For example, if the string begins with a 0, the string is interpreted as an octal number:

parseInt("032") //returns 26
parseInt("032", 10) //returns 32

The octal numeral system, or oct for short, is the base-8 number system, and uses the digits 0 to 7. Octal numerals can be made from binary numerals by grouping consecutive binary digits into groups of three (starting from the right).


‘this’ in JS.

There are only 4 ways to set this in JS.

  1. obj.func()
  2. new
  3. apply/call
  4. bind

using obj.fun():

Inside function this statements are excuted in context with whatever is on left of dot.

function add1() {
  this.sum += 1;
}

var a = {sum:0};
var b = {sum:0};

a.add = add1;
b.add = add1;

a.add();
b.add();

using new keyword, it goes something like this:

First the constructor function declaration.

function Person() {
   this.name = 'Umer';
}

then we do this:

var a = new Person();

This is what happens here:

1. First It creates a new empty object, {}.

2. Then it sets this new object’s internal, __proto__ property to be the constructor function Person.prototype object (every function object automatically has a prototype property).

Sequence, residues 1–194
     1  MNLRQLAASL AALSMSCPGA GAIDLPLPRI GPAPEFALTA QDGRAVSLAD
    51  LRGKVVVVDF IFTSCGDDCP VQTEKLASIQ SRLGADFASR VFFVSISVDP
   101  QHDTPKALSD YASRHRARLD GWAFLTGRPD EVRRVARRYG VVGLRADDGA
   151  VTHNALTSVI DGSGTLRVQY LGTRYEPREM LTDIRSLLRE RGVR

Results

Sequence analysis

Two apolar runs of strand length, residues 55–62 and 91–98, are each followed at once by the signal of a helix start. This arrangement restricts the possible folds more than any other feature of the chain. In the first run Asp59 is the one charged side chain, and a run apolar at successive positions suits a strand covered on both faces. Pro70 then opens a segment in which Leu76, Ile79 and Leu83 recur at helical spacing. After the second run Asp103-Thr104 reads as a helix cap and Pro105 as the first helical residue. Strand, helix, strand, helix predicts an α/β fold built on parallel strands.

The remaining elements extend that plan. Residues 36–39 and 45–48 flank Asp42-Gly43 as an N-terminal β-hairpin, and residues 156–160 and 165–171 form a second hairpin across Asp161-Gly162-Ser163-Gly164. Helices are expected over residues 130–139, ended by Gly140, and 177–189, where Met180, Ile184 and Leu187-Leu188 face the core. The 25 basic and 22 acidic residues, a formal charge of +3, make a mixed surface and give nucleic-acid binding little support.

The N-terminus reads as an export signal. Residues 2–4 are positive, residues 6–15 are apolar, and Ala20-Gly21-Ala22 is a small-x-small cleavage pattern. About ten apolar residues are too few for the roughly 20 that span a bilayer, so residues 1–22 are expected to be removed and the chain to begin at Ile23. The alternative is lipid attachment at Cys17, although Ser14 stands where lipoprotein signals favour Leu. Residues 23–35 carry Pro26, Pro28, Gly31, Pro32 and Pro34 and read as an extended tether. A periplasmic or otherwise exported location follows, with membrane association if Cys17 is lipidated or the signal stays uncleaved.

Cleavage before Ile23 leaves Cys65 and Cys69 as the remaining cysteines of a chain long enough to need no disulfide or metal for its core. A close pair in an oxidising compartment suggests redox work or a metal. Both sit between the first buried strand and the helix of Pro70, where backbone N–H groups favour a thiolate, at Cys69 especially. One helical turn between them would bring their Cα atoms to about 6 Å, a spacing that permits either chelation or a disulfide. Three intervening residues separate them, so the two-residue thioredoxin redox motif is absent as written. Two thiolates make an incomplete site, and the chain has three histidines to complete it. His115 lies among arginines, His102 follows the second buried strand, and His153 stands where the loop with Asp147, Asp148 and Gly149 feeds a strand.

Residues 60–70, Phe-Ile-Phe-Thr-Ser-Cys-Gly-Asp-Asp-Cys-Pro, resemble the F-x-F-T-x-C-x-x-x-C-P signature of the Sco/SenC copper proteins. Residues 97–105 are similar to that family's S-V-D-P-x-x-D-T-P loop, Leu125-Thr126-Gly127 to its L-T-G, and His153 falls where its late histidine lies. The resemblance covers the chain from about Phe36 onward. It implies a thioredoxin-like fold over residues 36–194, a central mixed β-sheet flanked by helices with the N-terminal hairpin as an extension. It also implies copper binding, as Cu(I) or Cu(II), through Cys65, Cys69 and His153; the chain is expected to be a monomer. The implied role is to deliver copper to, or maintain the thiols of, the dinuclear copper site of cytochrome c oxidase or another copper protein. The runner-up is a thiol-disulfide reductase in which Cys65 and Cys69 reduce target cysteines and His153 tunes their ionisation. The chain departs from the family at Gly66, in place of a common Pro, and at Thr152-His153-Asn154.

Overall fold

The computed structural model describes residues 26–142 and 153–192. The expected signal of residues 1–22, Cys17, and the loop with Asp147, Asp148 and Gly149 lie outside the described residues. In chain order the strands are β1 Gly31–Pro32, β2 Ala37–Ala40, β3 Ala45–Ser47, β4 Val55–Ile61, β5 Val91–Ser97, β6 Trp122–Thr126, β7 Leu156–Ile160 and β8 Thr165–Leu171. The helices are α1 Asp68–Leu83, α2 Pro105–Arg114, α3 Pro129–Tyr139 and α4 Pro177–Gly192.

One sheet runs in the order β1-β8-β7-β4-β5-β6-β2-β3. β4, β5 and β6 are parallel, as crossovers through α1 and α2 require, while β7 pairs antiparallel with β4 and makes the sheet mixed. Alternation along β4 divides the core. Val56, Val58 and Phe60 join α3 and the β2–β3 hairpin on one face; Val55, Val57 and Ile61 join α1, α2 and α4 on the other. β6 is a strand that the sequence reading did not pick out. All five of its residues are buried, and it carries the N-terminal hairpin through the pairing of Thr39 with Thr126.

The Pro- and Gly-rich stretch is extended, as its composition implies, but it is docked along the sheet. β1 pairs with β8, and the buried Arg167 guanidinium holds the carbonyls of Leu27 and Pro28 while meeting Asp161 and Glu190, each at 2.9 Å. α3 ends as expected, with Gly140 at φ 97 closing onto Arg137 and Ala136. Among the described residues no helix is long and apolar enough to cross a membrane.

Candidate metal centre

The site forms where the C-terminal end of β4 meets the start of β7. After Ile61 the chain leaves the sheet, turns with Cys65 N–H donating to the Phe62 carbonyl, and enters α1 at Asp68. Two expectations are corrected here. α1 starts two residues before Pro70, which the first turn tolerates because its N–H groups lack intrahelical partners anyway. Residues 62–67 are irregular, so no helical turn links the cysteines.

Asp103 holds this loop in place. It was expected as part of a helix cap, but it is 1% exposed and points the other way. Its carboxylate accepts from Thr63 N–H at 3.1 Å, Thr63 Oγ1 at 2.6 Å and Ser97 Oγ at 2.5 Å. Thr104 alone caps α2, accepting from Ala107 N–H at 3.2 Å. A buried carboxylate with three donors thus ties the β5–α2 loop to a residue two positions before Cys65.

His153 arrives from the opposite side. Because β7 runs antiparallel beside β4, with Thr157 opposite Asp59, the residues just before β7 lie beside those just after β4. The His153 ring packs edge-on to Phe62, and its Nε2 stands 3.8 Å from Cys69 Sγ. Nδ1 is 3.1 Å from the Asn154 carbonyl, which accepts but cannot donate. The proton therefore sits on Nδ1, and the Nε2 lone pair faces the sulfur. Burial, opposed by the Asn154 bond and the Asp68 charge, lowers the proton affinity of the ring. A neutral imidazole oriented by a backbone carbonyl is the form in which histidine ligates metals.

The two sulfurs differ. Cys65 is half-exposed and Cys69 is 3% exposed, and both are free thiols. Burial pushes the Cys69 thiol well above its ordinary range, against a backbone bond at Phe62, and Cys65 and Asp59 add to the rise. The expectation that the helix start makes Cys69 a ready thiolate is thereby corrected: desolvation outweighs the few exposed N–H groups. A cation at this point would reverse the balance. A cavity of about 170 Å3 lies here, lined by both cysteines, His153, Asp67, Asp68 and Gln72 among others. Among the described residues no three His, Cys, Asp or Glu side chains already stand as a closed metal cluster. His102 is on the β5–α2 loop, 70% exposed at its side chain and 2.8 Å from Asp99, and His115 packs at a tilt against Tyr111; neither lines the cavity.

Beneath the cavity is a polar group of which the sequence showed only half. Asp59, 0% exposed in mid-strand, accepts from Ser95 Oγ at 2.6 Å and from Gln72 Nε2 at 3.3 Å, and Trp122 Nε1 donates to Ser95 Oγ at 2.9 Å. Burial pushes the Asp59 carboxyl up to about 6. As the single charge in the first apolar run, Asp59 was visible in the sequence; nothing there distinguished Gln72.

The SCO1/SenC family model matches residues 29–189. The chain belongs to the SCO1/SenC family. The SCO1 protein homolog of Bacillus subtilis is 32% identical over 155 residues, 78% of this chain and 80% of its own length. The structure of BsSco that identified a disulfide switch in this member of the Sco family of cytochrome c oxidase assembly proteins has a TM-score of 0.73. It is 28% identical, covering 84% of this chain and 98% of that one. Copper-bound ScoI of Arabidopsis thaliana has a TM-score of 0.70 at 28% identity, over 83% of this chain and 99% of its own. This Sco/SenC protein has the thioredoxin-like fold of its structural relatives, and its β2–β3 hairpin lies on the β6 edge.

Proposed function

{}.__proto__ = Person.prototype;

3. Call Person function ( a constructor function) with this = {}.

{}.func();

4. It returns the newly created object, unless the constructor function returns a non-primitive value. In this case, that non-primitive value will be returned.

apply vs call

This lets you define the value of this when calling function.

For Example

var o = {
    sum: 1,
    showSum: function(){ console.log(this.sum); }
}

//then
o.showSum(); // shows 1

//but what if you wanted to use this function with this as something else, like another object.

var anotherObj = { sum: 9999999 };
o.showSum.call(anotherObj); // 9999999

apply and call Do the same thing, but apply takes parameters as an array where as, call takes each parameter to be passed to array as separate argument.

theFunction.apply(valueForThis, arrayOfArgs)

theFunction.call(valueForThis, arg1, arg2, ...)

using bind keyword:

bind unlike call/apply doesn’t call the function right away. But instead pass returns the function with its this already set.

For example:


var obj = { 
    name: 'umer', 
    sayIt: function() {
        console.log(this.name);
    }
};

var o2 = {
    name: 'test',
    sayIt: obj.sayIt.bind(obj)
};

It helps a lot in nodejs and events in browser, you can pass function without worrying too much about value of this.